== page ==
Faecal Incontinence in Old Dogs
Incontinence in dogs: a common complaint I hear from the owners of old dogs is fecal incontinence – normal looking bowel movement or stool “accidents” that get left somewhere in the house by a dog who knows better, and who didn’t do it on purpose. Often the owner finds them where the dog sleeps, or they see them come out when the dog first struggles to stand after a nap. But is this really dog incontinence?
What Causes Incontinence in Dogs?
In most cases, this is not true incontinence. True incontinence in dogs stems from a lack of anal sphincter control, and I think in most cases that is only a small part of the problem.
This problem seems to almost exclusively affect dogs with very weak or debilitated hind ends. These dogs have difficulty standing, and most importantly, they have difficulty assuming a proper “defecation posture”. Although these dogs may have a weaker than normal sphincter, in most cases it is still strong enough to prevent incontinence as long as the colon is not overfull.
However, because these dogs lack the strength to comfortably squat and defecate, they do what I refer to as the “walk & drop” – rather than crouch, they keep stepping forward while defecating.
Presumably, because defecating is so awkward and potentially uncomfortable for these dogs, they never fully evacuate their colon; they seem to defecate just enough to relieve any immediate urge, but not much more. As a result, they spend most of their day with a mostly full colon.
Sometimes this catches up with them when they sleep, when a mostly full colon becomes an over full colon. Combine that with the reduced muscle tone of a deep sleep and suddenly you have the recipe for a soiled bed. Alternatively, as they engage their abdominal muscles to stand, pressure in the abdomen increases, causing them to have an accident while first getting up from a nap.
What can I do to help?
Sometimes increasing the amount of non-digestible fibre in the diet helps (1 ice cream scoop of canned pumpkin with each meal for a large sized dog). There are prescription medications available that improve colon motility, but I’ve not found them particularly effective. Giving plenty of opportunity to defecate outside before bedtime is definitely helpful.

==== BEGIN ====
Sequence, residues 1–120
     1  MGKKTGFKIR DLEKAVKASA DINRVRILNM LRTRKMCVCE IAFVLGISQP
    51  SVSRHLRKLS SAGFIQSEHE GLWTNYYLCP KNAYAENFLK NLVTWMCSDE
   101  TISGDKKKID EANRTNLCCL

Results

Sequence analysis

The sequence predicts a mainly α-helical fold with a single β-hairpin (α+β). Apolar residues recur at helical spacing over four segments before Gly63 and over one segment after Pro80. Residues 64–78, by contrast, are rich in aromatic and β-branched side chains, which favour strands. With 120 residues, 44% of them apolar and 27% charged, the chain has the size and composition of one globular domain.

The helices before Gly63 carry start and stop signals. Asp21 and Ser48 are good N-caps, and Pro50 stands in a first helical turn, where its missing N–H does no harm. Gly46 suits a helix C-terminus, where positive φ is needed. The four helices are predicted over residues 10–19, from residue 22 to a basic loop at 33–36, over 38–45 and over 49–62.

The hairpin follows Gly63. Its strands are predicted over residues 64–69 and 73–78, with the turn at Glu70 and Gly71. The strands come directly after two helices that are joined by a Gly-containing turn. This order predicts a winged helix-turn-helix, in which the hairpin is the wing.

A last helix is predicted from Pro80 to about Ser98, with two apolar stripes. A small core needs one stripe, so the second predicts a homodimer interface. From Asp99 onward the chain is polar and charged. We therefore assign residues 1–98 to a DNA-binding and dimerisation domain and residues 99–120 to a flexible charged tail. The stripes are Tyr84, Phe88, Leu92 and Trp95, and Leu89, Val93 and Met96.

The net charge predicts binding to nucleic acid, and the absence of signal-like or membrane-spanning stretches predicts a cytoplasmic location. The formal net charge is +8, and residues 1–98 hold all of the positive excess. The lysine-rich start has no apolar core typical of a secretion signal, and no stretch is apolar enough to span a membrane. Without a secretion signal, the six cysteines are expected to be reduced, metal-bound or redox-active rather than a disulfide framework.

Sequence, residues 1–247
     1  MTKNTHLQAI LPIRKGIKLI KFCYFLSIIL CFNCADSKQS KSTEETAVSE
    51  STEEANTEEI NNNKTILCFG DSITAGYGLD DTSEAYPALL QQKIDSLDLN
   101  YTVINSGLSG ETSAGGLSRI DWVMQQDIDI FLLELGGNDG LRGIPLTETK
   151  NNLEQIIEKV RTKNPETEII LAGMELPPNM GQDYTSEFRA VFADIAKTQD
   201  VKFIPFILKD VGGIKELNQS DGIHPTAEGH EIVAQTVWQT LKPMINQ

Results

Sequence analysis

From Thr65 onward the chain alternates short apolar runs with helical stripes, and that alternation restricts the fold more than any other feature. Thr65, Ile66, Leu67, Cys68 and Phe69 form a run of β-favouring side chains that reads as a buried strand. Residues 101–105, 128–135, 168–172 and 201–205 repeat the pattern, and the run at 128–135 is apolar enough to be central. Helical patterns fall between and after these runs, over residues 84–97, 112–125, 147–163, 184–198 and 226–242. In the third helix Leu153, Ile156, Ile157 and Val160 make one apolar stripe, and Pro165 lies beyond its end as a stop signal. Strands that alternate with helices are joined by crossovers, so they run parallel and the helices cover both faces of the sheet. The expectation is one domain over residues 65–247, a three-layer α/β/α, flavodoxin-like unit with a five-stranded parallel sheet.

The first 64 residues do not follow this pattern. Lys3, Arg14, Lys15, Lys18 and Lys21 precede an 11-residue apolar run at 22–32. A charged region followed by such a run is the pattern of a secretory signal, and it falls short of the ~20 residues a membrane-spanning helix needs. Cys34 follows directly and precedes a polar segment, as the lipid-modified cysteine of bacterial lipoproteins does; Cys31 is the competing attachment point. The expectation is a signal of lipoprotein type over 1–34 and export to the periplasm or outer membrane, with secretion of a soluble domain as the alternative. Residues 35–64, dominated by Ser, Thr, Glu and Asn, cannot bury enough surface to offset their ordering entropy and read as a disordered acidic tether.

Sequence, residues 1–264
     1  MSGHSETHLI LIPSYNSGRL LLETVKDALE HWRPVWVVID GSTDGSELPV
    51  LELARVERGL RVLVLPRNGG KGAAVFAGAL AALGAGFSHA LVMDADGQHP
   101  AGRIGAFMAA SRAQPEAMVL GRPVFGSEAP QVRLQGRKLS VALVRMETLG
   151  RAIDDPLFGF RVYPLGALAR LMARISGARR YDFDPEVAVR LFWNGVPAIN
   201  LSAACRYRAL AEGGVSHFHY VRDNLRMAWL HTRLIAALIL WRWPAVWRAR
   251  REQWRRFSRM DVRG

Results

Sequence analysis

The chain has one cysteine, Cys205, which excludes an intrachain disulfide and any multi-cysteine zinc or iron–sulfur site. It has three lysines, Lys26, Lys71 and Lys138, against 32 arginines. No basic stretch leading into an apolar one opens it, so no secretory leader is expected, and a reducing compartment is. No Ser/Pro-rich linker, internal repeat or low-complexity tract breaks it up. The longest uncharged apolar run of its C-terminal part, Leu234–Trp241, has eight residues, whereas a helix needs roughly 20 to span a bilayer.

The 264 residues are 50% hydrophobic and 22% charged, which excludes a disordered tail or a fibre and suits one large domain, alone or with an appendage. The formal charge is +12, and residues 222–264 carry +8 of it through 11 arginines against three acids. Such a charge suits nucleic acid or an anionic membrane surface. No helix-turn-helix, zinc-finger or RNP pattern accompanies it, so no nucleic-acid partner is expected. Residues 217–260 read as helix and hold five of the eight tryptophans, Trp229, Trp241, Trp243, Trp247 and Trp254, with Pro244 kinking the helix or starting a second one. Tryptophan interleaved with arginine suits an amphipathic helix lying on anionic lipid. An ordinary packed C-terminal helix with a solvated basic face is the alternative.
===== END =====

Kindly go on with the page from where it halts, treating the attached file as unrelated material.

The treatment with which I have seen the best results is to address the underlying lower back pain – increase the dog’s comfort and hind end strength so that it can hold a better defecation posture and therefore better evacuate its colon. Using combined acupuncture and manual therapy (CAMT), as well as a comprehensive arthritis treatment protocol, yields the best results. Manual therapy is an umbrella term for chiropractic and/or physiotherapy style adjustments and mobilizations, as well as massage techniques. This protocol has an excellent prognosis for improving quality of life, and in most cases reduced the number of “accidents” as well.
Having said that, by the time the dog is at the “walk & drop” stage, they are usually quite debilitated, and the more advanced a condition is, the harder it is to turn around. But by being aware of earlier signs and responding when you first see them, the chance of preventing this problem in the first place is much better.
Some of the more common earlier signs include:
- Hesitation or reduced ability to jump up (e.g.: into the car)
- Body shakes that don’t reach from head to tail
- Stiffness or difficulty standing (e.g.: pulling from front legs instead of pushing from the back)
- Fatiguing earlier on walks
- Stumbling or scuffing hind feet
- Altered head, back or tail posture
What about urinary incontinence?
Although that is a blog topic unto itself, lower back pain is a common cause of dogs leaking urine in their sleep. Treating that underlying pain often resolves urine leakage issues. Resolving back pain can be a effective treatment for both urinary and fecal incontinence, but is also an important goal unto itself. Less pain is a good thing.